Translation Rights  |  Nov 9, 2011

British books become Russian bestsellers

British authors Howard Jacobson, David Nicholls and Rosamunde Pilcher have tasted success in Russia thanks to a growing literary love-affair between the Russians and Brits.

Translated fiction featured heavily in the Russian bestseller list during the Autumn months, in spite of 2011 proving to be a difficult year for the Russian publishing industry. In the week commencing 10 October 2011 several British titles appeared in the Russian best-seller lists, according to Russian Book Business Online website David Nicholls’ success with One Day was mirrored in Russia with the hit title making it to No.9. Howard Jacobson’s The Finkler Question appeared at No.15 and September by Rosamunde Pilcher at No.22.

The past couple of years have not been kind to the Russian publishing industry. The financial crisis has hit the country hard with book sales dropping alongside the value of the ruble. Book sales are estimated to have dropped by 20% with a number of challenges facing the Russian publishing industry, in particular e-book piracy. With a population of 142 million and an estimated 3,000 book stores, publishers must remain competitive, and carefully select the titles that they release. To this end, British fiction has proven popular.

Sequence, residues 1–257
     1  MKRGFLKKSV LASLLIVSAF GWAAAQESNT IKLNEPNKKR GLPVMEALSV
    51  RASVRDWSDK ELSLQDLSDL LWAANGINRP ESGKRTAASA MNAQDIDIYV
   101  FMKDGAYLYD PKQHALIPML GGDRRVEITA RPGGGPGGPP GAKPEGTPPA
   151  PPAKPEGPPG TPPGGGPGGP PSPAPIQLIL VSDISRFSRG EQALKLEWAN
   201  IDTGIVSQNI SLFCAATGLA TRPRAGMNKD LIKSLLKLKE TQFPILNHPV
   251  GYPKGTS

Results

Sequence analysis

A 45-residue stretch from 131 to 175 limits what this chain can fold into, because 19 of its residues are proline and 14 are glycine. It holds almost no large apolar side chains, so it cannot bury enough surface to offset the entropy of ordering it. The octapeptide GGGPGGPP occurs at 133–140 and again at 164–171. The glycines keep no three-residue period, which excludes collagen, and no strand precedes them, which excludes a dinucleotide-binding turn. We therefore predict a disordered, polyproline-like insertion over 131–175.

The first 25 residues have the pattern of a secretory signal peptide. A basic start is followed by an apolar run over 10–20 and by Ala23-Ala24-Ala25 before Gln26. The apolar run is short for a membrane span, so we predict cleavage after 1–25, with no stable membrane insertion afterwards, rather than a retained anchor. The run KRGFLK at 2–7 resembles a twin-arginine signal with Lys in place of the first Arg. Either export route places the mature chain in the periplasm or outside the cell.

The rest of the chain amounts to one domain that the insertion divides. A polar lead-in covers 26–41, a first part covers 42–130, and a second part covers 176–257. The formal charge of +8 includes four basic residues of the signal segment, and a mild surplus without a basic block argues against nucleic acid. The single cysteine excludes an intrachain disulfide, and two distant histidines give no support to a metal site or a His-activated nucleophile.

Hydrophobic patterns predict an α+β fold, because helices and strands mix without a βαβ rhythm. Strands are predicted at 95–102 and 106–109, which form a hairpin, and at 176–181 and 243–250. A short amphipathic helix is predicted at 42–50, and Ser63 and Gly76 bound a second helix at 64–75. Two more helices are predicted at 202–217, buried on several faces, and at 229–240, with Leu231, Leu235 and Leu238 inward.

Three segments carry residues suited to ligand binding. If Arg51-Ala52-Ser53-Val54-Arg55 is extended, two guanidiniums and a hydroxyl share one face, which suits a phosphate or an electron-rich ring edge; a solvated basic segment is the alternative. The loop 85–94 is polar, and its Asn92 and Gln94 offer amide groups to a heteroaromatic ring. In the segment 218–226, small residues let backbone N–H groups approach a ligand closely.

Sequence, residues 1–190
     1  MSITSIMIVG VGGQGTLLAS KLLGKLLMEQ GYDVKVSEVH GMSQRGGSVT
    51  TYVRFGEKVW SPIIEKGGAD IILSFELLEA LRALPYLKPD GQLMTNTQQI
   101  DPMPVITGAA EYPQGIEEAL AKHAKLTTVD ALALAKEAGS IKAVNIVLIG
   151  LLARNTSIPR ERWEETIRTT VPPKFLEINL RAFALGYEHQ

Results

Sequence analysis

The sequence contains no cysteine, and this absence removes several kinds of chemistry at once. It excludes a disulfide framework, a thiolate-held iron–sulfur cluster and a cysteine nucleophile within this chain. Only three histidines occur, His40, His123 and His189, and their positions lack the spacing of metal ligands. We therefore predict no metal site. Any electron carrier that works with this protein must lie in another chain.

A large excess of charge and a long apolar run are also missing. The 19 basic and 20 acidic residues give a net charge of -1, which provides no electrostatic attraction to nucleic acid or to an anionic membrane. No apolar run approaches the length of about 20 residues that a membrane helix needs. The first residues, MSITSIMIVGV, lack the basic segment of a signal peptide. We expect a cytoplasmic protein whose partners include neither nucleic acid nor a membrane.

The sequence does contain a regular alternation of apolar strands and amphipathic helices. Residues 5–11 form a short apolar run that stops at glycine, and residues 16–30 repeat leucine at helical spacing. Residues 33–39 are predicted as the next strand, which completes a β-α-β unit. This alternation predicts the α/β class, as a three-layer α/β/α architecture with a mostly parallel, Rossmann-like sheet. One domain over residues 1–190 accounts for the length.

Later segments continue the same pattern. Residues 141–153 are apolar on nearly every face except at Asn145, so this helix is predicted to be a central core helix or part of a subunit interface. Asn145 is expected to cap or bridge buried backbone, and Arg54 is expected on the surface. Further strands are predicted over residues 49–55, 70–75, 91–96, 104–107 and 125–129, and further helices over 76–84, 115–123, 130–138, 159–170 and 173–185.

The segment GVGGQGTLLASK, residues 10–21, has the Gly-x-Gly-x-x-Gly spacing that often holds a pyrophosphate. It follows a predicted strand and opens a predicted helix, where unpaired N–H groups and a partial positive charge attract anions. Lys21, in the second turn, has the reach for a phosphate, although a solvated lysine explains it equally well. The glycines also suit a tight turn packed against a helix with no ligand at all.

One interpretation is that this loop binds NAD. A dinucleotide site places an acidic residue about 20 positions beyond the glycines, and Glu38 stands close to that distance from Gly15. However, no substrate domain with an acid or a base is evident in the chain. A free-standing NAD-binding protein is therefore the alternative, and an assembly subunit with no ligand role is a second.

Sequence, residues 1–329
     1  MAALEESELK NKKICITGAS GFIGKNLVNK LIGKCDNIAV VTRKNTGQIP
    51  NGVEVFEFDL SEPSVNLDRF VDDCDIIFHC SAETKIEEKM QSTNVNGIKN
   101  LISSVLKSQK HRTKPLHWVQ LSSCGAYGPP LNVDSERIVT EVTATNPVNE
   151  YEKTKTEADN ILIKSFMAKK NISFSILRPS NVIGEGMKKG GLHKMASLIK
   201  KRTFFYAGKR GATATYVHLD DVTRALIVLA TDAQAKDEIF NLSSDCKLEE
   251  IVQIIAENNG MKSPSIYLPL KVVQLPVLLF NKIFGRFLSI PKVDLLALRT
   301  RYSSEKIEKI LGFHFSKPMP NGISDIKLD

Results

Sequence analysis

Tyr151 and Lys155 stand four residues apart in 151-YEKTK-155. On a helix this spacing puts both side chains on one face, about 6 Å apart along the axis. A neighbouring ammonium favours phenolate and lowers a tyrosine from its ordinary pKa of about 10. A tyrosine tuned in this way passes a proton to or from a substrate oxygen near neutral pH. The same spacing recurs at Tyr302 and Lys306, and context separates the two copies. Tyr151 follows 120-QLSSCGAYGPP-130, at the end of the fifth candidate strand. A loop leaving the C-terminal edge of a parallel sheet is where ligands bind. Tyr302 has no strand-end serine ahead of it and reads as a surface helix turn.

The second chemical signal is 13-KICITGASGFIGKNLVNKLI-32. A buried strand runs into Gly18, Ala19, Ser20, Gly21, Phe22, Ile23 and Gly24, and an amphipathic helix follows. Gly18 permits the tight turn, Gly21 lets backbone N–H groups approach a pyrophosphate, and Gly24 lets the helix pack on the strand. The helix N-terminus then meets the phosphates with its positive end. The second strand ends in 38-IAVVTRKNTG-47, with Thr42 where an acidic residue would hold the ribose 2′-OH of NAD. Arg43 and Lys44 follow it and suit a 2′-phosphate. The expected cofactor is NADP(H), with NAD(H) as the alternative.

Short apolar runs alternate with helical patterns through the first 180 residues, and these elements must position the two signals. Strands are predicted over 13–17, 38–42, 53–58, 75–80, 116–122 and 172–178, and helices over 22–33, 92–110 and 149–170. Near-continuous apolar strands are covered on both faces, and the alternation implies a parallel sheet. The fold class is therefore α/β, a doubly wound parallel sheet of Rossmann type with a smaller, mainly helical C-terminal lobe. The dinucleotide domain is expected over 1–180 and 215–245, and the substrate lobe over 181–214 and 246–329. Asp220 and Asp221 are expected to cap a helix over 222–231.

Russian culture has recently seen a growing trend of British appreciation, with traditional British-style pubs and housing estates being built to cater for affluent Russians with a soft spot for Britain. The love affair even extends Russia’s borders to the British marketplace- Russian billionaire Alexander Mamut recently forked out £53 million to buy the British book-seller Waterstones.